Snape, Snape, Severus Snape...in Seminar!

"Fraud is a way of life in a capitalist culture - especially in the arts," muses one of the characters in Seminar, a new play by Teresa Rebeck now playing at the Golden Theatre. As we're introduced to four students enrolled in a writing seminar, each of whom aspires to transform their life and career in a costly but prestigious ten-week session, it quickly becomes apparent that the tools of the trade include not only pen and paper, but a thick skin as well. How much of yourself can you put into your writing and still feel comfortable with sharing it? Is a trust fund child with limited "real world" experience automatically ineligible to write anything of substance or worth? In a world where the more ridiculous the story, the better it sells, does truth matter?

Seminar's four pupils are all extremely driven to their craft, but each struggles with how much of themselves to reveal through their written words. Douglas (Jerry O'Connell), is the most outwardly pretentious of the bunch, too eager to write what he thinks other want to read. Izzy (Hettienne Park) is the token Asian, lively and exotic, but lacking in substance. Martin (Hamish Linklater) is bookish and shy, with hidden potential in his personal and professional life that is slowly peeled away over the course of the play. Kate (Lily Rabe) injects herself fully into her writing, but her enormous rent-controlled apartment (in which she plays host to the class) and defensive nature about her class privilege awaken the doubts of her teacher.

And who better to play instructor to these young writers in need of direction and reality than Severus Snape himself? As Leonard, Alan Rickman is wonderfully arrogant, dangerously pitiless, and deliciously heartless. Or so it seems. The experience of watching someone so commanding of the stage broached the same level as seeing a show starring Mark Rylance. It seemed as though, upon Mr. Rickman's command, the nails in the stage floor would have unscrewed themselves and timidly backed away in awe. Leonard has no hesitations in alternately ripping apart the work of a student who has spent six years working on the same story, or praising the work of a student who prolifically pours his soul into pages and pages of writing, but has never had the courage to show it to anyone until now. As two girls who consider ourselves to be writers in one sense or another, it was easy to identify with the anxiety of sharing your most personal writing with others, the pride that comes with compliments from a figure of respect, and the humiliation of the opposite.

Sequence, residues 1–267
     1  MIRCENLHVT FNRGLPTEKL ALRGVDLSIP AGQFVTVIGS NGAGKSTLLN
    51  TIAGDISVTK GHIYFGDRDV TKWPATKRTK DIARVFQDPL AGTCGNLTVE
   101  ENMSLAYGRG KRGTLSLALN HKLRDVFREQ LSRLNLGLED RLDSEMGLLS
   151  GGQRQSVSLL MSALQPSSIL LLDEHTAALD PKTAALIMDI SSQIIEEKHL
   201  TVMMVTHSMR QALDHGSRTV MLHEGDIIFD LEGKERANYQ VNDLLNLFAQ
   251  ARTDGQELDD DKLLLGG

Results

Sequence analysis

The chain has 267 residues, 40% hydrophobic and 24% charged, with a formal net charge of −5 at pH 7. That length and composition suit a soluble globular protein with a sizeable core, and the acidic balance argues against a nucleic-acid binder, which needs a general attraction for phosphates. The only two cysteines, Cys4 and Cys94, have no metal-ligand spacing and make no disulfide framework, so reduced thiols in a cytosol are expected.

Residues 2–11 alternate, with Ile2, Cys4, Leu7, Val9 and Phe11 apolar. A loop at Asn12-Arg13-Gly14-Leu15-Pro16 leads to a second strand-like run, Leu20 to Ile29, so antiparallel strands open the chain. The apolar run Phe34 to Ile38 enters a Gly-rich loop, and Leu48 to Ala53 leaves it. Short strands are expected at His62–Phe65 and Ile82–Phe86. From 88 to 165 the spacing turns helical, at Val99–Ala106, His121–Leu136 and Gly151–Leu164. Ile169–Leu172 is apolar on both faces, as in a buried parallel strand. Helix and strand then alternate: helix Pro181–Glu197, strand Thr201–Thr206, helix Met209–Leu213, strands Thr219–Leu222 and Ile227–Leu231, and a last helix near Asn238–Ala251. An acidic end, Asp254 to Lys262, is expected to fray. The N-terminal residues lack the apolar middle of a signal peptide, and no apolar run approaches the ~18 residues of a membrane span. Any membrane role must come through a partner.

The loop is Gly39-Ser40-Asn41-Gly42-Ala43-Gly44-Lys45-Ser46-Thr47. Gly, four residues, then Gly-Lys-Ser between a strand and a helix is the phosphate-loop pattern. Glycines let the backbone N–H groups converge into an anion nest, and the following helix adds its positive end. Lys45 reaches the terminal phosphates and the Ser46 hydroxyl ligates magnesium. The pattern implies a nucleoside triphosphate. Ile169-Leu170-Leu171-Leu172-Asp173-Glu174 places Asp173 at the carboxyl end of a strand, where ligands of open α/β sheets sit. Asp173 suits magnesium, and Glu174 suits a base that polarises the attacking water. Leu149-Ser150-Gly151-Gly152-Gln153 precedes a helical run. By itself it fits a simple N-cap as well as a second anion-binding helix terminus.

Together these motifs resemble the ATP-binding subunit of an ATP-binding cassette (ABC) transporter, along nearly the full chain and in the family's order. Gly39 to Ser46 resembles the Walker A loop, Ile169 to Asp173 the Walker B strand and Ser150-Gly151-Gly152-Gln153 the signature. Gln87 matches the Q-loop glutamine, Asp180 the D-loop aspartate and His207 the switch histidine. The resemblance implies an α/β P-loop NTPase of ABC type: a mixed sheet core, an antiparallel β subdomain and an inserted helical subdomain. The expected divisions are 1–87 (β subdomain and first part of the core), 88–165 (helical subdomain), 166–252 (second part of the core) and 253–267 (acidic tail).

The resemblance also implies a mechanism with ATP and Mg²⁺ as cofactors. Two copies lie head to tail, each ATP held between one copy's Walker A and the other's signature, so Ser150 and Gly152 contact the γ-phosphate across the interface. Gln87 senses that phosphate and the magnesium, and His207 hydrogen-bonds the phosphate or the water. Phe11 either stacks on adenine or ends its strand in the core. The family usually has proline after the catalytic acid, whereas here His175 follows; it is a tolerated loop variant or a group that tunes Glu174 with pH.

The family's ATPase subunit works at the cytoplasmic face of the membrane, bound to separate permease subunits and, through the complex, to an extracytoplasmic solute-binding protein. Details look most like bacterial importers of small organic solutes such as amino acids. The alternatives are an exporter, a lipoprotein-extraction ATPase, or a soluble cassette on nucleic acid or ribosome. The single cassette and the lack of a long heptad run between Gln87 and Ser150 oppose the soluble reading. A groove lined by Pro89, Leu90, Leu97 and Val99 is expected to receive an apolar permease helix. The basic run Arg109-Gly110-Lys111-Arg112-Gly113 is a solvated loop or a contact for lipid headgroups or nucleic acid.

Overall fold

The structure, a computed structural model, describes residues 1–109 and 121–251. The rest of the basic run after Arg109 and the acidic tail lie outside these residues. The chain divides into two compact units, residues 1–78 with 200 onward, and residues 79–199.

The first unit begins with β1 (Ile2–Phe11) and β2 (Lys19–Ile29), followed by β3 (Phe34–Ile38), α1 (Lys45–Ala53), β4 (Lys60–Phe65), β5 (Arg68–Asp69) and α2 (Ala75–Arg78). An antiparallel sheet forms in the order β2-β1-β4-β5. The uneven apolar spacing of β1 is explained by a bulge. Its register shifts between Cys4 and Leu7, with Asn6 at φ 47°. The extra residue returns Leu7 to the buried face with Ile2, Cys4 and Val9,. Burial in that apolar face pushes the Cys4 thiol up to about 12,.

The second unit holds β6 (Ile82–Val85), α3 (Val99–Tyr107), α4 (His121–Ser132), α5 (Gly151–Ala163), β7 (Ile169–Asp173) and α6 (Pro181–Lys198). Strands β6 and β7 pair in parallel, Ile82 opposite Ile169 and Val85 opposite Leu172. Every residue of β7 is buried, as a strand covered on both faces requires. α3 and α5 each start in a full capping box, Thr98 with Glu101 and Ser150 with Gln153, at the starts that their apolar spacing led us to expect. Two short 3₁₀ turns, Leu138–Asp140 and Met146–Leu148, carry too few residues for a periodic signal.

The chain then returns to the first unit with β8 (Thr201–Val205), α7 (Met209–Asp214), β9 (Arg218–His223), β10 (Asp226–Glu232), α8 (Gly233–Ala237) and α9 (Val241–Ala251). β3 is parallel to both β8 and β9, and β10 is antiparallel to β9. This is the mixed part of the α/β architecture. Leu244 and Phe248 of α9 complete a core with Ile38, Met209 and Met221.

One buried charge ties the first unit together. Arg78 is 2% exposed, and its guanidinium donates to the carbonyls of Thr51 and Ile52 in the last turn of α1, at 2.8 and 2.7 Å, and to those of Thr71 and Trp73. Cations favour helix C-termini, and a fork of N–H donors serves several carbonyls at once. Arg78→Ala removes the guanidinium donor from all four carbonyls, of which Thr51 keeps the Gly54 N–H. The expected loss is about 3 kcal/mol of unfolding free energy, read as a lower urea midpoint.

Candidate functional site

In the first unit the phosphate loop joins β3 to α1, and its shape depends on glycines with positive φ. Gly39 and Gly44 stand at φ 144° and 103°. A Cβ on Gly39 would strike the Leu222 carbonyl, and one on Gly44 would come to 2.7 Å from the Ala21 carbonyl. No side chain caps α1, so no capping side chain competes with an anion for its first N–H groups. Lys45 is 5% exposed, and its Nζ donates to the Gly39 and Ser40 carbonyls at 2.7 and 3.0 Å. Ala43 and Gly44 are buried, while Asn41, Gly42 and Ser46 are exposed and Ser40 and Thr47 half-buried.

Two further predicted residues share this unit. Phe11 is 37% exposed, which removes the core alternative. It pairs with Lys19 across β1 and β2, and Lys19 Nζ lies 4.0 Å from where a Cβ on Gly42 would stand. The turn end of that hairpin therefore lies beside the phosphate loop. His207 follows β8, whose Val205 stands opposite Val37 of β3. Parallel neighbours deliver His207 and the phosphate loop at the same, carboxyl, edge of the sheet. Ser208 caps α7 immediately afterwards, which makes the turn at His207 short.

Seminar is more of a "people sitting around and talking" play than a "lots of events transpire in a short amount of time" play, but Teresa Rebeck's script keeps things moving. We felt completely taken in by and engaged with her dialogue, which was mostly very conversational and flowed easily and naturally from the mouths of the actors. (The only exception, in my opinion, was the occasional lapse into an "I'm reciting dialogue!" mode that mostly occurred with the character of Izzy.) There were quite a few middle-to-high-brow references thrown in, but the mention of e-books and Somalia didn't feel overblown or exclusive to the audience.